On Monday, the opposition party launched an advocacy campaign for the release of its leader by hanging posters bearing Kem Sokha’s image and a call for his immediate and unconditional release would be posted at CNRP offices throughout the country.

UN protest

Also on Tuesday, more than 300 members of the Cambodian diaspora held a protest in front of the United Nations Human Rights Council headquarters in Geneva demanding that the group pressure Cambodia’s government to release Kem Sokha, end human rights violations, and respect the principles of democracy by allowing for free and fair elections in 2018.

The protest was the latest by overseas Cambodians to call for Kem Sokha’s immediate and unconditional release following others held in the U.S., France, Canada, Germany, Australia, Belgium, Switzerland, and South Korea.
It came a day after French Foreign Affairs Minister Jean-Yves Le Drian urged Cambodia to resume a pluralistic democracy and to respect human rights and freedom during a meeting with his Cambodian counterpart Prak Sokhon in Paris.

Le Drian raised serious concerns about a political crisis in Cambodia following Kem Sokha’s arrest and a recent crackdown on voices critical of the government ahead of next year’s election.

Since late August, the government has expelled U.S.-funded NGO the National Democratic Institute (NDI), suspended some 20 radio stations that aired content by U.S. broadcasters Radio Free Asia and Voice of America, and targeted the English-language Cambodia Daily with a hefty tax bill, leading to the newspaper’s closure.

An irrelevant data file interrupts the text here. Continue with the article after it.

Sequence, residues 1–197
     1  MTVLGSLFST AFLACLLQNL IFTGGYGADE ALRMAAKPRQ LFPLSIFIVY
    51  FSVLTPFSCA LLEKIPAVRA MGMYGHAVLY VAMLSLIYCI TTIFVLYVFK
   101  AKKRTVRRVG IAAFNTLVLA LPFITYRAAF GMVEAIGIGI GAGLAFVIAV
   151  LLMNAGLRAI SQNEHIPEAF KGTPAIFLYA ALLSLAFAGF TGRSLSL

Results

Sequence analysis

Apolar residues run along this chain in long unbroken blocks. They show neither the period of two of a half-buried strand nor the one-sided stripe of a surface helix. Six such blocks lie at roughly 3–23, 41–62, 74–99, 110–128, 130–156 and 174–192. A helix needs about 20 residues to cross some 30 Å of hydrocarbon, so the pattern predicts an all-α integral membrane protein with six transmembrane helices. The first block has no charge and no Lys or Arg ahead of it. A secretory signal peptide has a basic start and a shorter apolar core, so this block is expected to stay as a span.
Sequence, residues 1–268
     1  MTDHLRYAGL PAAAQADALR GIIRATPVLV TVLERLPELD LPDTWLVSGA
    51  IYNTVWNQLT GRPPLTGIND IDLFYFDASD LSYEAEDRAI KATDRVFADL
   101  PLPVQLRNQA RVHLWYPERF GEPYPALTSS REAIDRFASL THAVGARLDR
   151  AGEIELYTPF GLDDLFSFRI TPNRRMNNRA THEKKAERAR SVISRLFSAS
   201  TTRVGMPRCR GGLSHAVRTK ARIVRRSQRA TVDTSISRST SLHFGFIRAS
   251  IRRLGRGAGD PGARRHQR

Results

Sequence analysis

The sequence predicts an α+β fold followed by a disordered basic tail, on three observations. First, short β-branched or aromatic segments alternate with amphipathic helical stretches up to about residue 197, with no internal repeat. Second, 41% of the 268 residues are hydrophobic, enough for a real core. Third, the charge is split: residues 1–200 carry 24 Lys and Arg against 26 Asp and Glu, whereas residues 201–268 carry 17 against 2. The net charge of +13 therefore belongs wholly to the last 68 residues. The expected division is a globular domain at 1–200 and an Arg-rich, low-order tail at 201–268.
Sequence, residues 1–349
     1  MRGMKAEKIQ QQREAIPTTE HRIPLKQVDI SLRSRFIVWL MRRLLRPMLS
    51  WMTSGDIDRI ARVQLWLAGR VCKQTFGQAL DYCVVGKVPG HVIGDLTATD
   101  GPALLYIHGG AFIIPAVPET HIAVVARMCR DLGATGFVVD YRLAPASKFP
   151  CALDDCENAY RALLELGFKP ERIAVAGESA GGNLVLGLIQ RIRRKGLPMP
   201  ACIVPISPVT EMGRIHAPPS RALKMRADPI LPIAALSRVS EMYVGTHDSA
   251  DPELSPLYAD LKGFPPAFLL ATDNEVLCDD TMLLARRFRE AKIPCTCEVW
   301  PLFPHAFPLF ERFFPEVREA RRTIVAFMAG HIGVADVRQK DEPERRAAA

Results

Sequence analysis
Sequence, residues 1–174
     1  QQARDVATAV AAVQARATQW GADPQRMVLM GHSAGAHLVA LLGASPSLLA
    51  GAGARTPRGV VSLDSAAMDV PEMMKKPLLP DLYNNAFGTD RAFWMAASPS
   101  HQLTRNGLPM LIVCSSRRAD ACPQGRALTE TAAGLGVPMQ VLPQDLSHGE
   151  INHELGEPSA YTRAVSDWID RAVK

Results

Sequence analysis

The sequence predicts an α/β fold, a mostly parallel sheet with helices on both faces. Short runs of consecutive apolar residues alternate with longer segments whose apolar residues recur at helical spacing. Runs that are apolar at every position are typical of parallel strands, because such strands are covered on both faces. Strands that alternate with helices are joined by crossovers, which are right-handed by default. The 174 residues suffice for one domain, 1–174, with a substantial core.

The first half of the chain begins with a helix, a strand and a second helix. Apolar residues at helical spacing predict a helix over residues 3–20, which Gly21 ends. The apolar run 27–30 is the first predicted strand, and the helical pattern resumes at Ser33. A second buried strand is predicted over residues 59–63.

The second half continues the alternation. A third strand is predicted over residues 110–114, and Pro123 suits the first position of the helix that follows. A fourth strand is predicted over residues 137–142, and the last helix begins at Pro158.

Search suspended

Meanwhile, Pol Saroeun, the Commander-in-Chief of the Royal Cambodian Armed Forces Research and Exploration Commission on Tuesday ordered provincial and municipal governments throughout Cambodia to suspend activities related to the search for the remains of missing American soldiers in the country, following accusations that the U.S. was assisting the opposition in a plot to overthrow Hun Sen.

The evidence presented against Kem Sokha so far is a video recorded in 2013 in which he discusses a strategy to win power with the help of U.S. experts, though the U.S. embassy has rejected any suggestion that Washington is interfering in Cambodian politics.

While Hun Sen first mentioned a suspension of search activities on Sept. 15, Cambodia’s Ministry of Foreign Affairs has yet to issue any official diplomatic to the U.S. government about the decision.

Government-aligned media outlet Fresh News has cited Hun Sen as saying the suspension of cooperation with U.S. military-led teams on search activities was a response to Washington’s halt on the issuing of most visas to senior foreign ministry officials and their families, as well as “several other issues.”

According to the U.S. government, the remains of 48 American soldiers killed during the Vietnam War have yet to be located in Cambodia.

Reported by RFA’s Khmer Service. Translated by Sarada Taing. Written in English by Joshua Lipes.